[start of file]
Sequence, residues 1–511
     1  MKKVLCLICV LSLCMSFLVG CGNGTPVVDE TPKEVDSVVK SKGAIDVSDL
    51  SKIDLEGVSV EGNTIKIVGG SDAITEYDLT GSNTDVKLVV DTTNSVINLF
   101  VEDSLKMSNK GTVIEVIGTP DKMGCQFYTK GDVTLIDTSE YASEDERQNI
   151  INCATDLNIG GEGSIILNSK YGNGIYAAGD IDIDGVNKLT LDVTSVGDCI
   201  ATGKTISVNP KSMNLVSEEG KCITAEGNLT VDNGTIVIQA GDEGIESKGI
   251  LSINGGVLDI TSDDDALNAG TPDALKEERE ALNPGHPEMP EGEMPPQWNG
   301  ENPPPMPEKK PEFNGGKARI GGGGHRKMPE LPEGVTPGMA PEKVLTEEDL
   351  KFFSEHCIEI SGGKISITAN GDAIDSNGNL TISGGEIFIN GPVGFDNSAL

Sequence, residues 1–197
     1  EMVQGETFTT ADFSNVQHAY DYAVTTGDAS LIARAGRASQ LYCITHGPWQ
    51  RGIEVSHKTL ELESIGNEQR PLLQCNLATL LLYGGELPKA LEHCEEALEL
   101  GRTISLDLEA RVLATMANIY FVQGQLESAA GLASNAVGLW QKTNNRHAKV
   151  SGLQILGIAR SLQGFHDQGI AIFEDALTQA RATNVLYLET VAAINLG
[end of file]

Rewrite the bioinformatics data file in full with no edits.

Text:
Sequence, residues 1–511
     1  MKKVLCLICV LSLCMSFLVG CGNGTPVVDE TPKEVDSVVK SKGAIDVSDL
    51  SKIDLEGVSV EGNTIKIVGG SDAITEYDLT GSNTDVKLVV DTTNSVINLF
   101  VEDSLKMSNK GTVIEVIGTP DKMGCQFYTK GDVTLIDTSE YASEDERQNI
   151  INCATDLNIG GEGSIILNSK YGNGIYAAGD IDIDGVNKLT LDVTSVGDCI
   201  ATGKTISVNP KSMNLVSEEG KCITAEGNLT VDNGTIVIQA GDEGIESKGI
   251  LSINGGVLDI TSDDDALNAG TPDALKEERE ALNPGHPEMP EGEMPPQWNG
   301  ENPPPMPEKK PEFNGGKARI GGGGHRKMPE LPEGVTPGMA PEKVLTEEDL
   351  KFFSEHCIEI SGGKISITAN GDAIDSNGNL TISGGEIFIN GPVGFDNSAL

Sequence, residues 1–197
     1  EMVQGETFTT ADFSNVQHAY DYAVTTGDAS LIARAGRASQ LYCITHGPWQ
    51  RGIEVSHKTL ELESIGNEQR PLLQCNLATL LLYGGELPKA LEHCEEALEL
   101  GRTISLDLEA RVLATMANIY FVQGQLESAA GLASNAVGLW QKTNNRHAKV
   151  SGLQILGIAR SLQGFHDQGI AIFEDALTQA RATNVLYLET VAAINLG